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Misguided Understandings | a So-You-Say comix #5

10.17.12 page 21

© Copyright 2012 Alyssa Gray
All Rights Reserved

Misguided Understandings | a So-You-Say comix #4

10.03.12 page 21

© Copyright 2012 Alyssa Gray
All Rights Reserved

Misguided Understandings | a So-You-Say comix #3

09.26.12 page 21

© Copyright 2012 Alyssa Gray
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Misguided Understandings | a So-You-Say comix #2

09.19.12 page 25

© Copyright 2012 Alyssa Gray
All Rights Reserved

Misguided Understandings | a So-You-Say comix #1

09.12.12 page 25

© Copyright 2012 Alyssa Gray
All Rights Reserved

Matthew Fisher's Original Cartoons

4 25 Cartoon Color 1

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Comics Editor’s Top 10 Lists

As Comics Editor, I have written many columns these past two years that covered a variety of topics in the comic book industry from well-known publishers and characters like DC Comics and Superman to obscure aspects such as 3-D comics. (Additionally, I chose to draw my own cartoons (left) for my very last Outlook issue.)

Every week, I religiously stop bymy local comic book store, Comics Plus, to buy new comics and graphic novels as well as look for old issues to complete my collections.

So, I thought for my final issue, I would share with you my favorite heroes, series, writers, etc. (in no particular order) when it comes to comic books. Enjoy!

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Comic Books Get a Dose of Reality Television

When you turn on the television, you will find a whole host of reality TV to enjoy. Some have wide appeal (“American Idol,” “America’s Got Talent”), are educational (“Pawn Stars”), or are just plain odd (“My Strange Addiction”).

However, while reality TV seems geared to this medium, it has found a way to be explored through the comic book pages. These books aren’t copying reality TV, but are using the platform as an interesting background for superhero tales.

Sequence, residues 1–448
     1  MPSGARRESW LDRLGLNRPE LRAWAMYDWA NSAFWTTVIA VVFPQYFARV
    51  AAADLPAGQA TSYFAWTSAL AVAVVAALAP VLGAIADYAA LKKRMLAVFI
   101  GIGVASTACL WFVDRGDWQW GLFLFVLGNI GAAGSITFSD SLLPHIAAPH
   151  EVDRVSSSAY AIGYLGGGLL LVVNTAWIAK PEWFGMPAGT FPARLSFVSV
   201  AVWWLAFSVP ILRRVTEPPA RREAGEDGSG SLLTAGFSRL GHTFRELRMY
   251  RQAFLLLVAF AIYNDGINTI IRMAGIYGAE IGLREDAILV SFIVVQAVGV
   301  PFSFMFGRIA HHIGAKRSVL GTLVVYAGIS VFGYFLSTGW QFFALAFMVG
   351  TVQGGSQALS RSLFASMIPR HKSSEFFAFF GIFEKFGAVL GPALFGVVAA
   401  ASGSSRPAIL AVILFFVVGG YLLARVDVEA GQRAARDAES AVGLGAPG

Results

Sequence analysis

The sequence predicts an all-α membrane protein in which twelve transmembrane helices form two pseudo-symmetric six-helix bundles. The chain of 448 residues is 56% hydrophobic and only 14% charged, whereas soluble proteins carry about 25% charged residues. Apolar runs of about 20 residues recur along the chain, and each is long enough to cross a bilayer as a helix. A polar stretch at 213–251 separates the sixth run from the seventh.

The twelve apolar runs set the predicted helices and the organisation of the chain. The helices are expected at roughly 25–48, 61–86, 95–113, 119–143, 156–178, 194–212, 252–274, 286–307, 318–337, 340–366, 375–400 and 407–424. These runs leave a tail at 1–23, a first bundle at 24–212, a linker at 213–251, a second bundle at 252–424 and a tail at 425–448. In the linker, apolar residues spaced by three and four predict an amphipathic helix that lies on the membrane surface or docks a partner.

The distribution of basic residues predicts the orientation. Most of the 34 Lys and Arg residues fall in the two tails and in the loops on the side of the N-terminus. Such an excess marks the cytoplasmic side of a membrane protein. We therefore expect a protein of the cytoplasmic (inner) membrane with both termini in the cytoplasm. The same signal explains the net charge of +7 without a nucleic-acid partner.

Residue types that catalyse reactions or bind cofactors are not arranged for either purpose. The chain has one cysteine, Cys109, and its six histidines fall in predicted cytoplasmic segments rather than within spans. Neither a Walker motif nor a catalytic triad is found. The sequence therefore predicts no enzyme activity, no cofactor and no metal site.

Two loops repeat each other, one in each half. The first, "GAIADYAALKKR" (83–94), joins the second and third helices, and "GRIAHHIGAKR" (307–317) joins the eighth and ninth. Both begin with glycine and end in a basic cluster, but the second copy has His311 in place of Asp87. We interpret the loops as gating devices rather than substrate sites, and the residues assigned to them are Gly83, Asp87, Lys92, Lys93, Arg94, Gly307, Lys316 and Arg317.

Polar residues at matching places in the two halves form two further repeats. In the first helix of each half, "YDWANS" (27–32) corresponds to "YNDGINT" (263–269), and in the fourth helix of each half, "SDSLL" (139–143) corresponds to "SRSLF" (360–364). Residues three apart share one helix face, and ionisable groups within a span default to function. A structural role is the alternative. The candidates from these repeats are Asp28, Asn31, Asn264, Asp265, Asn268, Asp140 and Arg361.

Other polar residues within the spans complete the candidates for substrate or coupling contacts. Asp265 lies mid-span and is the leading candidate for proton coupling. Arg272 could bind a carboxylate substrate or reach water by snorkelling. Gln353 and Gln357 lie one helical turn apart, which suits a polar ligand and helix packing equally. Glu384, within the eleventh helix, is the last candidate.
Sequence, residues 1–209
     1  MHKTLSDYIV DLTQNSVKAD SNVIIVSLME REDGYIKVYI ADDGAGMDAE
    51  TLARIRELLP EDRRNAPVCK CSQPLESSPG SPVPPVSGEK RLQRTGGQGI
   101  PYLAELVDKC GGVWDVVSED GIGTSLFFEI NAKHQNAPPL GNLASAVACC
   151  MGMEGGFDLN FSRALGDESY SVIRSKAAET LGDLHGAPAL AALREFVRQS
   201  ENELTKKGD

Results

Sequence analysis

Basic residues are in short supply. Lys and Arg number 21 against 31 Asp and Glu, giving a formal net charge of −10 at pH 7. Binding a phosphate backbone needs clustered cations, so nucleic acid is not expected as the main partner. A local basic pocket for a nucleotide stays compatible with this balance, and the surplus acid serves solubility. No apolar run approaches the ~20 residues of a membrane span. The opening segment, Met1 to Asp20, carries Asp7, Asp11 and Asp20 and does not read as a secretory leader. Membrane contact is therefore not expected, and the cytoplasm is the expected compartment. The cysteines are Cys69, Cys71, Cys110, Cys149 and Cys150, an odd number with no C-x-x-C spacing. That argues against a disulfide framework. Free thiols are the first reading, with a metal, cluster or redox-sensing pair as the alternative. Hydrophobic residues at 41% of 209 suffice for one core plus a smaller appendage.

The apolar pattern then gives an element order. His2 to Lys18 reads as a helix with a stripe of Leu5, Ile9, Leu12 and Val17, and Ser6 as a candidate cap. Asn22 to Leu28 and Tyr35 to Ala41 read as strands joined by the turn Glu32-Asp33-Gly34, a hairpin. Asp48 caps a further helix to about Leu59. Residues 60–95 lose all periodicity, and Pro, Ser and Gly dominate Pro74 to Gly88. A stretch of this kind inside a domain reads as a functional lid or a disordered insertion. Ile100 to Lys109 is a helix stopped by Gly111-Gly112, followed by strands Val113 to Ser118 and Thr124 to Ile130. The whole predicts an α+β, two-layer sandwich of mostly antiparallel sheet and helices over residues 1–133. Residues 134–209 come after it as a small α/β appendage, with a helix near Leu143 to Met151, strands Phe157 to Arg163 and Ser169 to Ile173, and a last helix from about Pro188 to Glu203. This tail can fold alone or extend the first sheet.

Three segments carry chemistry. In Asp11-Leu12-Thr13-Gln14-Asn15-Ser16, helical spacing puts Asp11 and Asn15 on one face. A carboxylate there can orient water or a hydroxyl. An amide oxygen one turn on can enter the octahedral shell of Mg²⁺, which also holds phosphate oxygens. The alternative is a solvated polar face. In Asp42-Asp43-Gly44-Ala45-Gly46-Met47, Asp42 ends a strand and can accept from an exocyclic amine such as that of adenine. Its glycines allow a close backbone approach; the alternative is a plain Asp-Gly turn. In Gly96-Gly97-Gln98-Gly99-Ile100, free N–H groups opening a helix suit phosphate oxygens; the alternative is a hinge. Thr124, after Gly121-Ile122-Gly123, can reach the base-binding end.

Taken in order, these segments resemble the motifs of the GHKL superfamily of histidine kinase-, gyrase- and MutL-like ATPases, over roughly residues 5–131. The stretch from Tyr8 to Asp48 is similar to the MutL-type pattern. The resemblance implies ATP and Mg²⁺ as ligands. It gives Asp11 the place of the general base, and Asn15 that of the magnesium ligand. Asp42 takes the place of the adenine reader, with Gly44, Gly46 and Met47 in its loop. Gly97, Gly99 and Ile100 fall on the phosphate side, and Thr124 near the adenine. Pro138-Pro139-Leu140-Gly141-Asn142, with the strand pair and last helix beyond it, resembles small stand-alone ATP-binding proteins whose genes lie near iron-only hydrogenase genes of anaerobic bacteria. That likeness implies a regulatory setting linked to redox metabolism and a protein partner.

One of the more recent comics to utilize the popularity of reality TV is “America’s Got Powers” from Image Comics, written by Jonathan Ross and illustrated by Bryan Hitch. The series focuses on Tommy Watts as he enters a super competition where various young heroes compete with one another using their powers to become rich and famous. They battle against each other on the hit show called “America’s Got Powers.”

While talking to, Hitch mentioned how the idea for the series evolved to become more about the characters and the story rather than about the show itself. He said, “Jonathan’s original one line pitch was ‘X-Factor for Super Heroes’ and it was a great idea, but as we started putting a story to that idea, it became much less about the show. Once we put living breathing characters into the scenario of the show, it became their story, not the show’s story, and the show became an environment.”

It seems as if the idea of heroes fighting on a reality TV show struck a chord as a second printing has been announced via a press release on

However, competitions haven’t been the only way for the comic book medium to include reality TV in its pages. Sometimes, it could be just a real show about heroes trying to fight the good battle, which is what Marvel did when they redeveloped their ‘90s superhero team, New Warriors.

Back in their heyday, the New Warriors consisted of teenage heroes: Night Thrasher, Speedball, Marvel Boy, Nova, Namorita and Firestar. However, it wouldn’t be until their third volume via a six-issue miniseries that these superheroes became recognized faces.

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Comic Books and Heroes Focus on Real World Issues

If you think comic books and superheroes are only about stopping alien invasions, giant monsters and evil villains, think again. Countless comic books and publishers have confronted real world issues.

To start, “Unknown Soldier,” from Vertigo Comics, dealt with the issue of child soldiers and the civil war that plagued Uganda in 2002. The character was updated from his WWII-roots by writer Joshua Dysart and artist Alberto Ponticelli. (This was the second time Vertigo published a comic featuring the Unknown Soldier following a 1997 four-issue miniseries by writer Garth Ennis and artist Kilian Plunkett.)

Running for 25 issues, the series dealt with Dr. Moses Lwanga, who returned to Uganda after being born there and raised in America, as he and his wife, Sera, helped refugees of the Lord’s Resistance Army.

One day, Moses is brutally attacked, but doesn’t die. Instead, he wraps up his wounds and hears voices that tell him to fight the evil and injustice of his homeland by dealing with it head on as the new Unknown Soldier.

The entire series was not only a good read but raised awareness of what happened in this country and those responsible. “Unknown Soldier” even confronted Joseph Kony in the series finale.

According to the New York Times, in addition to library and Internet research, “Mr. Dysart decided that ‘if I was going to deal with the absolute worst aspect of these people’s lives, I was going to have to go there.’ He visited Uganda in early 2007, months after a cease-fire was declared the previous summer. Mr. Dysart spent time with the Acholi and visited the cities of Kampala and Entebbe.”